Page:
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In Orphan Care, One Size Doesn’t Fit All

child-children-girl-happyWe’ve all received gifts that say “One-size-fits-all”; this really means “One size will fit some people and will be a poor fit for others, but that’s all we’re offering.” In orphan care, rarely does one-size-fits-all. Each child and situation is unique, and we need to be in a position to give the type of care that is the perfect fit for that individual child in need.

It seems as though society as a whole is more and more polarized. “It must be my way or nothing; you are wrong.” Try to get a Fox news fan to agree with a CNN fan, and you can see how people can NOT come to a compromise. The reality is, with many of life’s dilemmas, there are no black and white answers, sometimes the answers are found in the fuzzy middle. Many times life requires a much more nuanced approach.

Few things elicit a stronger opinion than what to do with the kids who are orphaned, abandoned, or need placement for other reasons. Everyone has an opinion on child rearing and how best to help a child. The prevailing theories shift back and forth from orphanage to group homes to foster care every few years, not unlike the “expert” opinions on whether eggs, butter, coffee, etc. are bad, then good, then bad, then good again. (I’m very happy eggs, butter, and red wine are currently “good” for us.)

Most reasonable people agree that no system of caring for children at risk is perfect. A child should be raised by two loving parents whenever possible. Unfortunately, we live in a VERY broken world, and way too many children wind up in horrific circumstances, needing care either short-term or long-term. To rule out ANY healthy option to care for a hurting child is a mistake. This is where “one size fits all” doesn’t work.

I once had a leader from a large, respected mega church inform me that their official church policy is to never work with or support orphanages. Their reasoning being that orphanages are terrible, that the ONLY good option for a child is adoption. They are not alone in their beliefs, the current prevailing opinion is that it’s better to move away from the orphanage system. I and many others do not agree. For some children, an orphanage is the best option.

For the right child, adoption should always be the first option if no healthy, loving family is in the picture. But many times, there are situations that make adoption difficult or impossible. If there are multiple siblings, very few couples are willing to take on three, or four, or more children. If the child has extreme special needs, the pool of adoptive parents is pretty small. If a parent or parents are still somewhere, but due to prison, substance abuse, or other reasons are out of the picture “temporarily,” the children are left in limbo. The reality of adoptions is that once a child hits about five years old the odds of adoption drop dramatically. The fact that international adoptions have reached a record low doesn’t help the situation. When you factor all these problems in, very few children in need of care can ever be adopted. The most recent statistics say that worldwide, a child in a care situation has a 2% chance of being adopted. Too many people work for years and spend thousands of dollars trying to adopt only to be denied or to have serious problems handling the child placed in their care. When adoption works, it’s fantastic, but it’s a long road and doesn’t always end well.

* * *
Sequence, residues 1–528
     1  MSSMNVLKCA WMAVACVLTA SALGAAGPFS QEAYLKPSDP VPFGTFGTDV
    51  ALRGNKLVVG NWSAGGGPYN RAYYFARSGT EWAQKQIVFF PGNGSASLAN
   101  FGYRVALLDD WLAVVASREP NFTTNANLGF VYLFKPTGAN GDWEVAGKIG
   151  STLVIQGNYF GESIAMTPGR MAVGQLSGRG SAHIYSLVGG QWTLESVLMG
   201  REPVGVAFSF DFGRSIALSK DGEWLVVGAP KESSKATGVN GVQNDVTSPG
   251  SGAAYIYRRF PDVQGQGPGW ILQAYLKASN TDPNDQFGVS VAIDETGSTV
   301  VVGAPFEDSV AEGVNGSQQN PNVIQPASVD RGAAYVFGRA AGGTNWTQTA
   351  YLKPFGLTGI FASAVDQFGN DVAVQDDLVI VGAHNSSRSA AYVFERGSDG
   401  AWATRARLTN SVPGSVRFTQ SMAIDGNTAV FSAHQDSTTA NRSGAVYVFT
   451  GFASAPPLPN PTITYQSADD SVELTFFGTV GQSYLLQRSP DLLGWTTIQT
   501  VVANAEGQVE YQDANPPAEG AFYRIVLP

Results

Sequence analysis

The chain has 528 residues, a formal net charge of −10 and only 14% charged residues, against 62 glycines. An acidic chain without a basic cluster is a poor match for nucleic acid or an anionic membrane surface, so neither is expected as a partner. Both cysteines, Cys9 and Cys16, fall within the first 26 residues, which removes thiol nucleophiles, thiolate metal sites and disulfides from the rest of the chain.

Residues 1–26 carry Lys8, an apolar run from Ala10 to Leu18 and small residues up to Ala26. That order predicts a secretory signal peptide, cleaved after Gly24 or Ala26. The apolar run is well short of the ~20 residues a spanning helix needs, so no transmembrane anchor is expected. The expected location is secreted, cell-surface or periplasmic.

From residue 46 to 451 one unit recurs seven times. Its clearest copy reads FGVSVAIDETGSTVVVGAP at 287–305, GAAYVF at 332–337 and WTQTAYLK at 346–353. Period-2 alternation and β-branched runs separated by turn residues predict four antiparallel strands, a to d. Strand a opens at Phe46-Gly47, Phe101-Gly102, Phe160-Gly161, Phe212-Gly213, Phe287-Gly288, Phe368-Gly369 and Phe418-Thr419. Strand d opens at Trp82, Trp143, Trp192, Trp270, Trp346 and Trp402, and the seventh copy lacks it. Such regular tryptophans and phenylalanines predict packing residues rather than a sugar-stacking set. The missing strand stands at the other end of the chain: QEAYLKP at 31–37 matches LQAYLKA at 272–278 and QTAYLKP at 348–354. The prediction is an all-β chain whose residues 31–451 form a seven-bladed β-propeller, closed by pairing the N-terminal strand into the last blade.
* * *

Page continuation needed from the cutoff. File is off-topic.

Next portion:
So, if there is no healthy family, and adoption is not an option, you are left with foster care or orphanages. There are a lot of great people working in the foster care system that truly have a heart for the children they are serving. Unfortunately, there are also many people involved for the wrong reasons, and everyone is working in a system that has many profound challenges. Too often, children are moved around more than they should be, creating a very difficult, unstable life. How would you react if you had to change homes, friends, schools, churches, etc. every six months or so? With the system the way it is in the US, although it was set up with the best of intentions, the statistics do not play out well. I’ve had many people involved in foster care vent to me about the lack of stability and the crushing bureaucracy involved. Foster care does not work well for most children. Every system is complicated.

Most people agree the orphanage system is broken, but, when done correctly, orphanages and group homes can be the best option. Just like foster care, there are some great people working in the orphanage systems worldwide, and some not so great. There are definitely orphanages that are horrible and should be shut down. There are also orphanages that are healthy, stable, and give the children a loving home with a great future. A well-run orphanage can provide a child or sibling group the stability, professional counseling, and love they need to heal and grow into healthy adults. We need a last resort when adoption or family care is not an option.